Frank Wright

4 August 2017
Frank Wright
Frank Wright

Frank Wright ’50 died on August 4th at the age of 91. Frank worked at Carleton for 38 years, beginning as Assistant Treasurer in 1955 and rising through the ranks to Vice President and Treasurer. He retired as Treasurer Emeritus in 1990, and continued for three years as the Secretary to the Investment Committee of the Board of Trustees.

A 1990 Voice article about Frank called him “Carleton’s own Rock of Gibraltar,” serving as “advisor, confidant, and mentor to six presidents and to countless students, faculty members, and trustees.” Former President Bob Edwards wrote then: “Frank has also been the conscience of the College, defending its highest values. He taught me an important truth for a college president to absorb. It is that academic freedom is dependent upon sound financial management. Faculty are intellectually constrained if they cannot constantly improve the quality of their instrumentation, journals, and library collections. They cannot be open-hearted and generous teachers if their personal financial situations are insecure.” Much of Carleton’s success then and now can be credited to Frank’s dedicated work of building a secure financial foundation for teaching and learning. 

A memorial service is planned for November 4, 2017, at 2 pm in Skinner Memorial Chapel, with a reception to follow in Severance Great Hall. In lieu of flowers, gifts in memory of Frank may be made to Carleton College or to a charity of your choice. A more complete obituary is below.

Please keep Ann and all of Frank’s family, friends, and former colleagues in your thoughts and prayers.

“Fireball” Frank Irving Wright passed away peacefully in Northfield, Minnesota on August 3, 2017, surrounded by family. He was born in Austin, Minnesota on January 14, 1926, to Art and Florence Wright and was the youngest of four siblings, Sylvia, Bill and Steve, all of whom preceded him in death.

Frank was a blessed man who liked to say he had “four loves of his life.” His first love was his mother, Florence. She raised her four children as a single mother after the death of her husband in a biplane accident. His second love was his wife, Louise. They married in 1950 and had seven children: David (Deborah Smith-Wright), Martha Winston (John), Clifford, Catherine Kromer (Todd), Gregory (Jeanne), Douglas Lochner-Wright (Cheryl), Stephen (Paula), 15 grandchildren and one great granddaughter. After Louise passed away in 1989, he met and married the third love of his life, Ann McElroy Follansbee. For a quarter of a century, they traveled the world together and treasured their large and extended families.

Carleton College was not only Frank’s alma mater and lifetime employer, but also the fourth love of his life. Returning from the navy after World War II, he entered Carleton’s class of 1950. During college, Frank lettered in three sports, formed lifelong friendships, and proposed to Louise. Three years after graduation, he returned to help build Larry Gould’s vision of Carleton as a “Cathedral of Learning.” He worked at the college for 38 years, beginning as Assistant Treasurer and rising through the ranks to Vice President and Treasurer. He retired as Treasurer Emeritus in 1990, and continued for three years as the Secretary to the Investment Committee of the Board of Trustees.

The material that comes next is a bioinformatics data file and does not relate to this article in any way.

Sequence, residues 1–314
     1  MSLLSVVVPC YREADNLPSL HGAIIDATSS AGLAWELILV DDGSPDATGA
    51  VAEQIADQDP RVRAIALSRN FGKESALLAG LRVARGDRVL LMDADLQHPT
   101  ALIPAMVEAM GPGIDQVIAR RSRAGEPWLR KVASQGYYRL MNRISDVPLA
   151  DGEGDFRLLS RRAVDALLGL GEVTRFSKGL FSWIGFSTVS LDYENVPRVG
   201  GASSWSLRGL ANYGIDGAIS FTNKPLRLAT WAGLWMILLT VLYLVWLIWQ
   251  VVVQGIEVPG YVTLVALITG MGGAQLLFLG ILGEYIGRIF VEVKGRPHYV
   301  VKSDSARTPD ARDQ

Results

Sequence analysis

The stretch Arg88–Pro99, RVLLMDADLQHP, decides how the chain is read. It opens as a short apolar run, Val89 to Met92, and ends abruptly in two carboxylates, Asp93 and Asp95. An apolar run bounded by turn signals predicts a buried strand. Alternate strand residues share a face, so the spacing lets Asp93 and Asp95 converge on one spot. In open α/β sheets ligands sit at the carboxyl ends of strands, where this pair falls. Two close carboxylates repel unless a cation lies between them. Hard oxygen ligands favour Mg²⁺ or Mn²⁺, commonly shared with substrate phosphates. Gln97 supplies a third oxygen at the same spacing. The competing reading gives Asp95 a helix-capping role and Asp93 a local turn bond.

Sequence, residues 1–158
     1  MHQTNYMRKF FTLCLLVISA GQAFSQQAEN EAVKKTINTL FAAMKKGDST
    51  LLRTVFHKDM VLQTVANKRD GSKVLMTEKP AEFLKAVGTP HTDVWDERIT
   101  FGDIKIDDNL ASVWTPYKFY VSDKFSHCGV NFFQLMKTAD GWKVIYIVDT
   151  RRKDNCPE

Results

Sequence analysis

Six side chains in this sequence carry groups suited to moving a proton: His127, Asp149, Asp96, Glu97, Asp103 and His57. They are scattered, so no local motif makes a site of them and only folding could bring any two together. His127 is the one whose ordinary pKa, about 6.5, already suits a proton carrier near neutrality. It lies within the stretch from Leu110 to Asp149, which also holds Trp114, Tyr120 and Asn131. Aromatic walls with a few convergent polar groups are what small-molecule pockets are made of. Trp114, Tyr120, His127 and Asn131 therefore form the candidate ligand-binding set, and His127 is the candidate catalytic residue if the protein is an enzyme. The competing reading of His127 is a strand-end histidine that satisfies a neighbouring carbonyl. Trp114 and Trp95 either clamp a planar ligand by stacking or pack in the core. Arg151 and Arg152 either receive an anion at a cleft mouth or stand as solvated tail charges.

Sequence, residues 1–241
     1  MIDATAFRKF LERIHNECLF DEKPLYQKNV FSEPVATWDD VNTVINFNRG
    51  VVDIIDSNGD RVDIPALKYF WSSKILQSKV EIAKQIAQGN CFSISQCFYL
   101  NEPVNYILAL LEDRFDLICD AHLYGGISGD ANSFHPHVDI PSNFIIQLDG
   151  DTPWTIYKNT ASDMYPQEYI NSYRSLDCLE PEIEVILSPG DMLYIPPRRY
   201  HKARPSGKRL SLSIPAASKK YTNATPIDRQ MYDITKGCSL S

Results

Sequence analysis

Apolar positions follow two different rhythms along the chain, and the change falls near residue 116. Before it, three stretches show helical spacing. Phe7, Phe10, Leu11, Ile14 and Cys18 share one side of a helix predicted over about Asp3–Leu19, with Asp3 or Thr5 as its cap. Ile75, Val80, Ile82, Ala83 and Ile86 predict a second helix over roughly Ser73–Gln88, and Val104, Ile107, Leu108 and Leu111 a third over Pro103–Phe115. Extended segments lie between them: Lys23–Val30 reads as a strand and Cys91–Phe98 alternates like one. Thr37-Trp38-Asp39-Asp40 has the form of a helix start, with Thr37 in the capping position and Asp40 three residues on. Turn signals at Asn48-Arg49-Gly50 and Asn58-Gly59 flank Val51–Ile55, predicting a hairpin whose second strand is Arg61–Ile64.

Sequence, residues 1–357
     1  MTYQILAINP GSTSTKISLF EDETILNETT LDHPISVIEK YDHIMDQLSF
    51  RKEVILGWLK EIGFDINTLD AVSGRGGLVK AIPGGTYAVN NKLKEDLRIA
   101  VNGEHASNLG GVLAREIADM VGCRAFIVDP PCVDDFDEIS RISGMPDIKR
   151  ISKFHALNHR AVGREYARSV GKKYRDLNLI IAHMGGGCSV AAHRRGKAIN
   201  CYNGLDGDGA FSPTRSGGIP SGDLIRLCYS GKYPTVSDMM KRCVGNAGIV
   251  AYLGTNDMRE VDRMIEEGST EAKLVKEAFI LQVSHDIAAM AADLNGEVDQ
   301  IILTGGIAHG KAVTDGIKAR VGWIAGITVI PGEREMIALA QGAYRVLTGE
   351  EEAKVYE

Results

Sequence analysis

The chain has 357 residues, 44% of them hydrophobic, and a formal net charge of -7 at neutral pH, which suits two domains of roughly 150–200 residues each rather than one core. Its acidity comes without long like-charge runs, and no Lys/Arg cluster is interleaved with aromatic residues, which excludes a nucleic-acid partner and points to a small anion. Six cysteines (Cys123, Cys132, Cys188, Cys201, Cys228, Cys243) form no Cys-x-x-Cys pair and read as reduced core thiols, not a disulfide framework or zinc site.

A memorial service is planned for November 4, 2017, at 2 pm in the Carleton College Chapel, with a reception to follow in Great Hall. In lieu of flowers, gifts in memory of Frank Wright may be made to Carleton College, Gift Accounting, One N. College St, Northfield, MN 55057, or to a charity of your choice.

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  • 2017-08-04 17:49:04
    Wayne Eisenhuth

    Simply put, one of the finest men I have ever known!

  • 2017-08-06 12:00:00
    Eric Hillemann

    Frank long held a spot near the top of any list I might have made of my favorite people. He was retiring from the post of Carleton Treasurer just as I was being hired as Carleton Archivist, and I think my first interaction with him -- many, many more were to follow over the years -- was when, for a speech he was making in connection with his retirement -- perhaps when he was given a Carleton honorary degree that year? -- he wanted help tracking down the text of a memorable speech by his personal hero, Larry Gould, on the theme of "noblesse oblige." Years later, when I was writing Gould's biography, and taking an awfully long time about it too, Frank was terrifically eager to read the result, and invariably patient about the wretched slowness of my pace. (Though he did once allow himself to observe, "Eric, I'm not going to live forever!") He boosted my morale about it considerably at one point when, after I shared a draft of my introductory chapter with him, he called me at home one evening to ~gush~ about how much it had pleased him, and how he could hardly wait for the whole book! Frank was such a fine gentleman, and such an ardent supporter of all things Carleton. I imagine if one were to have opened his veins, you would have found his blood flowing entirely Maize and Blue. A star athlete and star scholar as a member of the Class of 1950, he returned to his alma mater just a few years after graduation, and spent the rest of his life at the school, improving it immeasurably with his sound financial acumen. (As Treasurer he advised six Carleton presidents; altogether he knew 9 of the 11.) From the perspective of one quite familiar with the whole scope of Carleton history, I can attest that Frank Wright also holds a spot near the top of any list I might make of those who had the greatest positive impact on Carleton's "pursuit of excellence" over the years. His passing is truly the end of an era.